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Thread: Snow

  1. #1
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    Snow

    Weather man said 5-10" of snow in lake area this weekend, which I know isn't accurate, but just curious how much snow it takes to start wreaking havoc on docks?

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  2. #2
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    Seems to me it depends a lot on how heavy (wet) the snow is. Ice is worst. Most docks should be able to support quite a bit of normal weight snow. Heavy wet snow, ice, or rain on top of snow is a different story and could be a problem. Anything over 20 lbs per square foot would start concerning me. That equates to about 4” of water content which would be 4” of ice or very very heavy wet snow but could be up to 2’ of normal snow. Drifting, or snow on one side of dock roof but not the other can also be an issue. There is also a huge difference on how docks at the lake are constructed, I’m referring to a well constructed newer dock with adequate flotation.

  3. #3
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    Quote Originally Posted by Rickb View Post
    Seems to me it depends a lot on how heavy (wet) the snow is. Ice is worst. Most docks should be able to support quite a bit of normal weight snow. Heavy wet snow, ice, or rain on top of snow is a different story and could be a problem. Anything over 20 lbs per square foot would start concerning me. That equates to about 4Ē of water content which would be 4Ē of ice or very very heavy wet snow but could be up to 2í of normal snow. Drifting, or snow on one side of dock roof but not the other can also be an issue. There is also a huge difference on how docks at the lake are constructed, Iím referring to a well constructed newer dock with adequate flotation.
    Well put! 2006 Pretty much wiped out all the real junk. Donít get me wrong there are still lots of dock without proper flotation that may get in trouble with 10Ē of wet snow. I am not expecting any issues with this storm but hey it is Missouri.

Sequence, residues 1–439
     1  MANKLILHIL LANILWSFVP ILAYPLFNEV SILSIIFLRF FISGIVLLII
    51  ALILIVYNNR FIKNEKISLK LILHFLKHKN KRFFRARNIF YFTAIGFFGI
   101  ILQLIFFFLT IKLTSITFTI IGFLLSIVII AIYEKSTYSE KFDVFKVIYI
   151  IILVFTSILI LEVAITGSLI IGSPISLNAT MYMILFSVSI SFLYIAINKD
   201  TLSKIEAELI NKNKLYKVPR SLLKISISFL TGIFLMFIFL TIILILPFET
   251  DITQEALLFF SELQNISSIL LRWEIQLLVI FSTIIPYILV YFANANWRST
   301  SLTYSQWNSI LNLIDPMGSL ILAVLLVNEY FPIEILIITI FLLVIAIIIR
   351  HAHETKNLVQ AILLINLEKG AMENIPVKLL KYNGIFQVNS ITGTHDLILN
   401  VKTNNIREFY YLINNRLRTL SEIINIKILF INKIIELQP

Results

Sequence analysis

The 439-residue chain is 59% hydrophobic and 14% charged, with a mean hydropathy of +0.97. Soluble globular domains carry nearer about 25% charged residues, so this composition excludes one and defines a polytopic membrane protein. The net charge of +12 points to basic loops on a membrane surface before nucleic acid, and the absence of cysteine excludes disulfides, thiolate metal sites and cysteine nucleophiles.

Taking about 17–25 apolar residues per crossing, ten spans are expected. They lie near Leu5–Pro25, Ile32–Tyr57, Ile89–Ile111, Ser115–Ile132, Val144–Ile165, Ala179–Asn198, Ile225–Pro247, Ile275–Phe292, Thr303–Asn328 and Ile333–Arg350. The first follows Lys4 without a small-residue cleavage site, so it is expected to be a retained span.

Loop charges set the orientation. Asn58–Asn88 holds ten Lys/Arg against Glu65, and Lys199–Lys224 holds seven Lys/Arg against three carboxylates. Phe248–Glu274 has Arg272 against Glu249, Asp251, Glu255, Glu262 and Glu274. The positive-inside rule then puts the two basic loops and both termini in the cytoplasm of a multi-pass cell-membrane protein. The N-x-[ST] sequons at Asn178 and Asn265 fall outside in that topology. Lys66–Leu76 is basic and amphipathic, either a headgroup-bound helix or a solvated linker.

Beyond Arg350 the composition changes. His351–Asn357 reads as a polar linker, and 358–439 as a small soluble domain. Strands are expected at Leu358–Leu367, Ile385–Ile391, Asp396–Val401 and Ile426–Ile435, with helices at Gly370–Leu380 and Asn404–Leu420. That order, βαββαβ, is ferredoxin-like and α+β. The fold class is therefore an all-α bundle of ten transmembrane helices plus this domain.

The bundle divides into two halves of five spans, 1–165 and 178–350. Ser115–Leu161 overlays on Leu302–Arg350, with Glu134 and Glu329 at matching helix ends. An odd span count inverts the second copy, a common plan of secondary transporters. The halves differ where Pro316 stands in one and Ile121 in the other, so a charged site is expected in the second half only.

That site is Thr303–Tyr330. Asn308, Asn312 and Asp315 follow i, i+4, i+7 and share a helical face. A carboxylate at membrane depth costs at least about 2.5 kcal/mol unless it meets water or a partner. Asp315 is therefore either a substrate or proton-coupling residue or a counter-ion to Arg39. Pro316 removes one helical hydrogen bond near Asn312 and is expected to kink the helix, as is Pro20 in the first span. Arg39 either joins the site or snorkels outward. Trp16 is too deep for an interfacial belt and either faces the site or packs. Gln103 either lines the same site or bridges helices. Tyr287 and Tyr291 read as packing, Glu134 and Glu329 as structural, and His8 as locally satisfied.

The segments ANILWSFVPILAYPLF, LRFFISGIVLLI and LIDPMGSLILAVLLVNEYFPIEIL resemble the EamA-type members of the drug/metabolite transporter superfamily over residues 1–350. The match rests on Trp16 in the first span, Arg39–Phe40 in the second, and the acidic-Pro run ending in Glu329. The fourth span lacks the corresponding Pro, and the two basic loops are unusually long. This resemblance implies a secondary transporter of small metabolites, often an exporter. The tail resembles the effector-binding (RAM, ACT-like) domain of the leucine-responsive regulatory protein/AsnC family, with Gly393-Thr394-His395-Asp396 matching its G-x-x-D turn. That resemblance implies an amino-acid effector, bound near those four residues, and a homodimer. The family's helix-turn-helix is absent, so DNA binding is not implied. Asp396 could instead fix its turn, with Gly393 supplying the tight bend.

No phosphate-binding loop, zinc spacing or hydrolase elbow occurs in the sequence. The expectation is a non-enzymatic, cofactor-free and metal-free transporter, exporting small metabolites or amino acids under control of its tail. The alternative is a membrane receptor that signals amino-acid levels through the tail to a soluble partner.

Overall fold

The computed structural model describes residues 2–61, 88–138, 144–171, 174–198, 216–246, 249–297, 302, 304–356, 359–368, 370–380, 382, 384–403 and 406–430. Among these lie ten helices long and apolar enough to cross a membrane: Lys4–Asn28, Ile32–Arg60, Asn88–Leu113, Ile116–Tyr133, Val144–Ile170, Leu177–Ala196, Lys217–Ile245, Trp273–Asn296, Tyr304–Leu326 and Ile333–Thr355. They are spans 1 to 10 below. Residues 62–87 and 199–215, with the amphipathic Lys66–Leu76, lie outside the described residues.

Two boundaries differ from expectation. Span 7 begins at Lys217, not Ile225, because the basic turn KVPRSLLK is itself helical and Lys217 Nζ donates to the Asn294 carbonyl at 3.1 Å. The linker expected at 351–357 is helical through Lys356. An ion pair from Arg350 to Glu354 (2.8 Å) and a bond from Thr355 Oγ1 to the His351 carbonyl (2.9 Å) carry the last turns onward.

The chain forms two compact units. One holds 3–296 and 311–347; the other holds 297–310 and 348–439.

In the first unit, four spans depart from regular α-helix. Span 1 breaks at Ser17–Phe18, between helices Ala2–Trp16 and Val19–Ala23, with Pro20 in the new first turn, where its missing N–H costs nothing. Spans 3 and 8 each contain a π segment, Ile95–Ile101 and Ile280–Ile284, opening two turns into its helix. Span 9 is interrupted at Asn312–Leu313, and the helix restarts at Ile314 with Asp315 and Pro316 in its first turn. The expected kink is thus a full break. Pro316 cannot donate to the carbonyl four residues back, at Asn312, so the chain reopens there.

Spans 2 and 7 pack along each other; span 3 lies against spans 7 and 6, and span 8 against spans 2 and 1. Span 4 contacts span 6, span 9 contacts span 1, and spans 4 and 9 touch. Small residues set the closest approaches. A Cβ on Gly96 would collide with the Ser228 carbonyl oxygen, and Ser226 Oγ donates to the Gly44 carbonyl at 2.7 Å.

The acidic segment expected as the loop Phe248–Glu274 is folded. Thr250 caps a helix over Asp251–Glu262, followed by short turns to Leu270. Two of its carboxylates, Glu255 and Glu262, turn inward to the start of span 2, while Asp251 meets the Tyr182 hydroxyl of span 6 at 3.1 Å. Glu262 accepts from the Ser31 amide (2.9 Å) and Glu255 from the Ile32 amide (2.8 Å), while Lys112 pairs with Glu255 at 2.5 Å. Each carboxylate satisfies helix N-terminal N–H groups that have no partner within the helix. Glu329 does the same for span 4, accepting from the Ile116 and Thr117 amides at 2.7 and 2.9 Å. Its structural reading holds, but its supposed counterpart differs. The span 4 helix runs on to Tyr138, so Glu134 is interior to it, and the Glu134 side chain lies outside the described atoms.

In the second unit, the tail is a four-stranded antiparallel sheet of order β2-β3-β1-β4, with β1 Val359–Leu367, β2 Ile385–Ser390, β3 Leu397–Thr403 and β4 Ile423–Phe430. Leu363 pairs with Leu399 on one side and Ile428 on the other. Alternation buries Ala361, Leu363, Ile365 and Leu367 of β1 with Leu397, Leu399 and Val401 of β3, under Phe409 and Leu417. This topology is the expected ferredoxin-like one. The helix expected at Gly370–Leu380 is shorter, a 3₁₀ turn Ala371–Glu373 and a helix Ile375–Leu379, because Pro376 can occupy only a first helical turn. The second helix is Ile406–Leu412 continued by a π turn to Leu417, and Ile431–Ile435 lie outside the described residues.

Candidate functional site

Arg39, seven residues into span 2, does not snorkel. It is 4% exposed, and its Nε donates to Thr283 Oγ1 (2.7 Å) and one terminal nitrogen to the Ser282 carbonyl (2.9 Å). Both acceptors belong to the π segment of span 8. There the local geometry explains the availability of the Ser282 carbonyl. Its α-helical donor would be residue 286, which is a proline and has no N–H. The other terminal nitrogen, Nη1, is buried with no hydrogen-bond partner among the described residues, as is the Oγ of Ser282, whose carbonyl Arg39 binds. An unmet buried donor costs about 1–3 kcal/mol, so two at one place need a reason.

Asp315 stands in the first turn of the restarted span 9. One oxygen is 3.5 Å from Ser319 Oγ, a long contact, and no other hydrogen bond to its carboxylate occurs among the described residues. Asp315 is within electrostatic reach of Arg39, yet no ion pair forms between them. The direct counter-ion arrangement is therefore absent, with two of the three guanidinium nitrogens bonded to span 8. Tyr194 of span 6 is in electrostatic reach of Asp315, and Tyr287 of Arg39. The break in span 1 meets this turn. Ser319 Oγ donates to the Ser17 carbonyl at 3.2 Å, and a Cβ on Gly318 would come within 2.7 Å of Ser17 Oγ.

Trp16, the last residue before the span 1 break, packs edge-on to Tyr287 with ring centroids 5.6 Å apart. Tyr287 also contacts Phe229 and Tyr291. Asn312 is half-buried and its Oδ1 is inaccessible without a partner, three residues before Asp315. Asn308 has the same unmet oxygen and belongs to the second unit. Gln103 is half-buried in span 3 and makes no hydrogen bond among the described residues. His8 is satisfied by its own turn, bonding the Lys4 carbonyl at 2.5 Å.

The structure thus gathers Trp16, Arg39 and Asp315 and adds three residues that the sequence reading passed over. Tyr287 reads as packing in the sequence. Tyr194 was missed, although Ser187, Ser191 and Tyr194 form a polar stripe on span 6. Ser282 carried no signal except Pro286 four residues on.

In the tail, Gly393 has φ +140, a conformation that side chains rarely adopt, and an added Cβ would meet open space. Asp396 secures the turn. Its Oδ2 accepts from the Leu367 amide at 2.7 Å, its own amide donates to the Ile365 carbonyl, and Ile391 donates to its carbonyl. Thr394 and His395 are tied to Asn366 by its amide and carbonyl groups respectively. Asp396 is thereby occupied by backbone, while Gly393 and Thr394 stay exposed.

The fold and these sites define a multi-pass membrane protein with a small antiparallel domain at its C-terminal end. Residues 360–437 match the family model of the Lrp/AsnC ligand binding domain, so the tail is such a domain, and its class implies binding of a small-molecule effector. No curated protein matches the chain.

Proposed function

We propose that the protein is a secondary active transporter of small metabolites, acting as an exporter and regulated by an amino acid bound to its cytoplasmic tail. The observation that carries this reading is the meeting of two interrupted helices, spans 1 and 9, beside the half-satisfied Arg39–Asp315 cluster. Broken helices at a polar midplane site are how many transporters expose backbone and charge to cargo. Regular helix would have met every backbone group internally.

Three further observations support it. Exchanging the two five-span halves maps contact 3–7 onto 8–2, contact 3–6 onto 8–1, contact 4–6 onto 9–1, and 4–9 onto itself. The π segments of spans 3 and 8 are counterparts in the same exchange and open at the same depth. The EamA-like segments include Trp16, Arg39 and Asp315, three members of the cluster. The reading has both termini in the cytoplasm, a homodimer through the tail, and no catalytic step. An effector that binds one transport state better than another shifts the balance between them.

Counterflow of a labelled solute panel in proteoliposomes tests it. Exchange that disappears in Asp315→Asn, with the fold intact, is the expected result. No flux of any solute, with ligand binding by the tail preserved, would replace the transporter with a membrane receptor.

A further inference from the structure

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  4. #4
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    This is my memory of the 2006 storm. Any dock that was not encapsulated had issues. And the docks that had a NE facing roof accumulated lots of sleet on that side of the roof and many of those just flipped. Further some of the big docks pushed the big boats tide to the docks below their water lines and as those boats took on water they took the docks down with them. With that being said it was a near perfect storm for that damage. As Dockman said that storm took care a lot of the "bad" docks.

    Some eight years ago we had over 20 inches of snow and there was very little damage. It all comes down to water content. That 2006 storm had a lot of sleet with it.

  5. #5
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    Yes, back in December of 2006 we had 2" of ice and 15" of snow. When the marina and condo dock were rebuilt beside the encapsulated foam the also installed cross bracing.
    https://www.ibinews.com/home/us-snow...-GDrKpmnDHp_YI

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  6. #6
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    Yep, we bought our little house in the Fall of 2006. That Winter we discovered the weak links in the cottage and on the dock.

    Hope all stay safe and warm.
    *waving from 'God Bless Texas' wet and near freezing*

  7. #7